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Cricketers' mental health charity faces £250,000 shortfall

Covid-19 lockdown cancels nearly all fundraising events for Professional Cricketers' Trust

Valkerie Baynes
Valkerie Baynes
A charity which provides mental health services to professional cricketers past and present in the UK is facing a "quarter of a million pounds" funding shortfall because of the Covid-19 lockdown.
As with many charities, the ban on mass public gatherings has forced the cancellation of most fundraising events for the Professional Cricketers' Trust, the charity arm of the Professional Cricketers' Association (PCA). The Trust pays for mental health treatment for PCA members and was aiming to collect around £250,000 (US$306,000) for this year before the pandemic hit.
Ian Thomas, PCA Director of Development and Welfare, said the organisation, which represents current and former cricketers, would have to address a hit to the budget right at a time when demand for mental health services had spiked.
"We're going to have a tough year ahead," Thomas told ESPNcricinfo. "We've lost all of our fundraising events, we're going to lose the best part of what we'd aimed to raise, about a quarter of a million pounds, and we will not see a single event, auction or anything that will allow us to raise those funds.
"We've got some challenges ahead as a charity to maintain the levels of support that we've put in place and I'm sure we'll get through it and the cricket fraternity will try to help our charity as much as it can as well."
Last year, 85 people sought mental health support from the PCA Trust, including 40 current players, and all 85 received treatment. That compares with 72 cases in 2018 and 59 in 2017.
Thomas said that this year, the Trust had seen the usual seasonal rise in cases experienced by mental health charities in the post-Christmas period of January and February followed by a lull in March when lockdown was introduced. In the past week or so, however, there had been a marked increase in mental health referrals.
"Interestingly, I've heard this with other sports," Thomas said. "I have a fear it may have gone quiet initially because we were in lockdown, there was other things to focus on, but the worry for me amongst our members is people will face hardship from this situation.
"There's an economic downturn, there's job losses out there. I think it's a long game. The important thing is we have the support in place for a long time to come because the effect of this situation isn't just going to be an eight-to-12-week lockdown, it's going to be a two-year recovery ... I'm making an assumption it's two years, it could take a lot longer."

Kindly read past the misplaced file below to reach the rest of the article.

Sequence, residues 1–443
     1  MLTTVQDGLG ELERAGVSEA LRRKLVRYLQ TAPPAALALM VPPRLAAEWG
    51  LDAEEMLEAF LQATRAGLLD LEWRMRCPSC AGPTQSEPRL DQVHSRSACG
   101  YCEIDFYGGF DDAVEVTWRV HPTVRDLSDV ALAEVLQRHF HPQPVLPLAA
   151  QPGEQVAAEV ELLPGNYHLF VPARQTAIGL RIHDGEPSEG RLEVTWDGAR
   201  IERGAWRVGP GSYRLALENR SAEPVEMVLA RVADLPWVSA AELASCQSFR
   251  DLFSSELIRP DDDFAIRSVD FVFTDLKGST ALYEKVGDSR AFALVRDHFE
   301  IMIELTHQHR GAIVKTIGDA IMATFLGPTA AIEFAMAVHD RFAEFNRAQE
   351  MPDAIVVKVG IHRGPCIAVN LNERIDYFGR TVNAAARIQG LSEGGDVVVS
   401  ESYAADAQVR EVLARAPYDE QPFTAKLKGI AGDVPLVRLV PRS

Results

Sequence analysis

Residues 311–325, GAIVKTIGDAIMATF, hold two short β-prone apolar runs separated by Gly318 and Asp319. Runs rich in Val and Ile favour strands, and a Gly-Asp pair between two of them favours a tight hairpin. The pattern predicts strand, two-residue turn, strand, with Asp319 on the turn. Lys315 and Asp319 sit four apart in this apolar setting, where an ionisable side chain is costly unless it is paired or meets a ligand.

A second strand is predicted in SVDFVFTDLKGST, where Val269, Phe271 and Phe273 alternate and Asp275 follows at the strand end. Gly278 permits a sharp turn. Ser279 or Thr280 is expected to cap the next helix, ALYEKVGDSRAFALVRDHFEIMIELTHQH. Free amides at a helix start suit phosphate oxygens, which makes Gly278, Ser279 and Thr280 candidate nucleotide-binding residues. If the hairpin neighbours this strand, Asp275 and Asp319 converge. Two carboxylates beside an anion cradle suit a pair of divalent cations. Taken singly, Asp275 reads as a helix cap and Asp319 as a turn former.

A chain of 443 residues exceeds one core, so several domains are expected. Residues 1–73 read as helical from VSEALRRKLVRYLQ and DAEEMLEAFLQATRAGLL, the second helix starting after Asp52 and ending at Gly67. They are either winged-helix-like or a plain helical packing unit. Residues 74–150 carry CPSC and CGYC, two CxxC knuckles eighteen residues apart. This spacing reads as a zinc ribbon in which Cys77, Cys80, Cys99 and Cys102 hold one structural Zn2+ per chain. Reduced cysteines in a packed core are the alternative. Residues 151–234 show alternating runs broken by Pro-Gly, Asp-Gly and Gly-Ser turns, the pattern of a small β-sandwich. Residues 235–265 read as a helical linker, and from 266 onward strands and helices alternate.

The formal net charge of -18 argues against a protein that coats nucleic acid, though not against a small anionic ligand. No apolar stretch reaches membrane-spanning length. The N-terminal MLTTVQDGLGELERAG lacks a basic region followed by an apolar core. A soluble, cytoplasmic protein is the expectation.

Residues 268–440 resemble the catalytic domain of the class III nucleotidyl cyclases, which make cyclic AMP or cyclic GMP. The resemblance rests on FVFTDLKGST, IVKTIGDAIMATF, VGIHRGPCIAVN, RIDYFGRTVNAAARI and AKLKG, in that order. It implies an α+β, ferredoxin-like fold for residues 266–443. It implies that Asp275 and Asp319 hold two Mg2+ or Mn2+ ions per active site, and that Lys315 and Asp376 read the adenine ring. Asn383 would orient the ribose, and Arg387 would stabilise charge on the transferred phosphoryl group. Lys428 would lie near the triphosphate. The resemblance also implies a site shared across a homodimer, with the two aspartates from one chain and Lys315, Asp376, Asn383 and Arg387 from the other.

One way in which the Professional Cricketers' Trust differs from many mental health charities is that it is able to refer members to private mental health treatment almost immediately through a partnership with Sporting Chance, the organisation founded by former international and Arsenal footballer Tony Adams.
Thomas said treatment usually consisted of six to 12 therapy sessions but in some cases, as with a former player earlier this year, it could include residential treatment. The majority of cases involve depression and anxiety, although help is offered for a range of issues, including gambling addiction.
While in practical and financial terms the Trust is only able to help its members, the PCA is able to reach the wider community through members telling their stories. Young England spinner Dom Bess recently spoke out about his battle with depression, while former England batsman and Professional Cricketers' Trust director Marcus Trescothick has become a staunch mental health advocate following his own experience of anxiety and depression.
Trescothick said the ability to speak about mental health "comes down to trust". Whether that trust is found among team-mates or outside came down to individual preference.
"You'll have potentially one or two people in that changing room environment where you potentially can feel a bit more open, where you can explain something," Trescothick told ESPNcricinfo's Switch Hit podcast.
"For me, it was quite an easy thing to do. I didn't feel it was a problem for me. I appreciate that's not the same for everybody because it's so individual how people cope. But I felt better by telling people in the changing room what was going on. Because then we could laugh and joke about it, normalise it as much as we could, and really take the sting out of it.
"I could let everybody know, 'lads, I need to disappear off and see my psychologist today, I'm really struggling at the moment,' and that worked great for me.
"I also played with other players who never mentioned a word in the changing room to any cricketing friends, in that environment, because they didn't want to. And that's fine, because that's their way of dealing with it. There's no right or wrong way, it's just whatever way you find you can cope."
The PCA operates a telephone helpline but Thomas said the majority of mental health referrals came either through people contacting the organisation directly or via one of six personal development managers.